Endless Love

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yawares
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Joined: Fri Mar 09, 2012 3:23 pm
Which number is larger than 1000 and less than 1002: 1006

Endless Love

Postby yawares » Tue May 22, 2012 12:53 pm

Dear Members,

I truly love this jataka, I watched it @youtube:


My Heart Will Go On: http://www.youtube.com/watch?v=yd1uEvyz ... re=related

story : http://www.youtube.com/watch?v=rRcXOtWhHFY
*******************
Candaakinnari Jataka : Endless Love
[ translated by W.H.D. Rouse in 1901]

This is a story which the Buddha told, while he was visitng princess Yasodhara at
his father's palace. After king Suddhodana told him about how his former wife
loved him and always faithful to only him. Then the Buddha said, "It is no
marvel, great king! that now in my last existence the lady should love me,
and should be of faithful heart and led by me alone. So also, even when born as
a fairy(kinnari), she was faithful and mine alone." Then at the king's request
he told a story of the past.


Once upon a time when Brahmadatta was king in Benares the Bodhisatta was born
in the region of the Himalaya as a fairy named Canda. He and his wife, Candaa(kinnari)
dwelt together on a silver mountain named Canda-pabbata, or the Mountain of the
Moon. At that time the king of Benares had committed his government to his
ministers, and all alone dressed in two yellow robes, and armed with the five
weapons (sword, spear, bow, battle-axe, shield), he proceeded to the Himalayas.

Whilst eating his venison he remembered where was a little stream, and began to
climb the hill. Now the fairies that live on the Mountain of the Moon in the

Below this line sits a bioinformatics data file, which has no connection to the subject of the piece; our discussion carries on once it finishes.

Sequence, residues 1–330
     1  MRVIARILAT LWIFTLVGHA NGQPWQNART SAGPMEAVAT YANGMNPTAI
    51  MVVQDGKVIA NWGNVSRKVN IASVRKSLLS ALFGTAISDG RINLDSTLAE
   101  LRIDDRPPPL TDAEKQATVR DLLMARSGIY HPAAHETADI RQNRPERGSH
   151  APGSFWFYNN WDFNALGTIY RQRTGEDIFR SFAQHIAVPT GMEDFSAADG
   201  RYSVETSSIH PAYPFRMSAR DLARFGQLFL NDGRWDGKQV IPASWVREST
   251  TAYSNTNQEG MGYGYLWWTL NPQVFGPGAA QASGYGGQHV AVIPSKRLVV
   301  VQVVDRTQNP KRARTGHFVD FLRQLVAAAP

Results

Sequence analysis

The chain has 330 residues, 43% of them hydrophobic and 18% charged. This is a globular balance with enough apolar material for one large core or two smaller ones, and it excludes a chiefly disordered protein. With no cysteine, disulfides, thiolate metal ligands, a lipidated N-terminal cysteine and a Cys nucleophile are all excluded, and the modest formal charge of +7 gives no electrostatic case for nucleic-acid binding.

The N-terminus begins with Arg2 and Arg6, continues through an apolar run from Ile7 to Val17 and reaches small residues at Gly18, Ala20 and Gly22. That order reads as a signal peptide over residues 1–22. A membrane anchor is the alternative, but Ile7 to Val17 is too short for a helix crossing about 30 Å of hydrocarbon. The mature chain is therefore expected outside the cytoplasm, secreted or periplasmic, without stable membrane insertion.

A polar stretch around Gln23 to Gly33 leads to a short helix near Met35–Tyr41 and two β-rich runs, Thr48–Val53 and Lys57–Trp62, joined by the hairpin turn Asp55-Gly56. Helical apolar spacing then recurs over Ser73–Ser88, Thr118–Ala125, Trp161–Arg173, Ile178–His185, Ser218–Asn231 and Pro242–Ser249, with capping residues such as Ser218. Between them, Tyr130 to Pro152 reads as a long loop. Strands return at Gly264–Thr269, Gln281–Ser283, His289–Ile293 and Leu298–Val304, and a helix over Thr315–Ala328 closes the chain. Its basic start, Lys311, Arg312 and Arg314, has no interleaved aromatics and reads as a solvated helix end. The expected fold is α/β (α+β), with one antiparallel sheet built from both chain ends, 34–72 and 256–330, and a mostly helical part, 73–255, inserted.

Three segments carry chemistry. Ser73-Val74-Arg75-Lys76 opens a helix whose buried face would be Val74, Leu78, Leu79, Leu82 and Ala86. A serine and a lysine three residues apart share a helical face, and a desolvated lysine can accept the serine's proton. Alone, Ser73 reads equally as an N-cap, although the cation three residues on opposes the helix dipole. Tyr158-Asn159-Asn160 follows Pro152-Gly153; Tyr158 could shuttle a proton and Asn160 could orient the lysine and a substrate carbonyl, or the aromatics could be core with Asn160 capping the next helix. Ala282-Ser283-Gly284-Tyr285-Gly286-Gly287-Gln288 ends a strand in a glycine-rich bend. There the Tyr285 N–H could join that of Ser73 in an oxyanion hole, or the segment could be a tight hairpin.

rainy season remain on the mountain, and come down only in the hot weather. At
that time this fairy Canda(kinnara), with his mate, came down and wandered about,
anointing himself with perfumes, eating the pollen of flowers, clothing himself
in flower-gauze for inner and outer garments, swinging in the creepers to amuse
himself, singing songs in a honey-voice. He too came to this stream; and at one
halting-place he went down into it with his wife, scattering flowers about and
playing in the water. Then they put on again their garments of flowers, and on a
sandy spot white as a silver plate they spread a couch of flowers, and lay
there. Picking up a piece of bamboo, the male fairy began to play upon it, and
sang with a honey-voice; while his mate waving her soft hands danced hard by and
sang withal.

The king caught the sound, and treading softly that his footsteps might not be heard,
he approached, and stood watching the fairies in a secret place. He immediately
fell in love with the female fairy. "I will shoot the husband," thought he, "and
kill him, and I will live here with the wife." Then he shot the fairy Canda, who
lamenting in his pain uttered four stanzas:

"'Tis passing away, methinks, and my blood is flowing, flowing,
I am losing my hold on life, O Candaa! my breath is going!

"'Tis sinking, I am in pain, my heart is burning, burning:
But 'tis for thy sorrow, Candaa, the heart within me is yearning.

"As grass, as a tree I perish, as a waterless river I dry:
But 'tis for thy sorrow, Candaa, my heart within me is yearning.

"As rain on a lake at the mountain foot are the tears that fall from my eye:
But 'tis for thy sorrow, Candaa, my heart within me is yearning."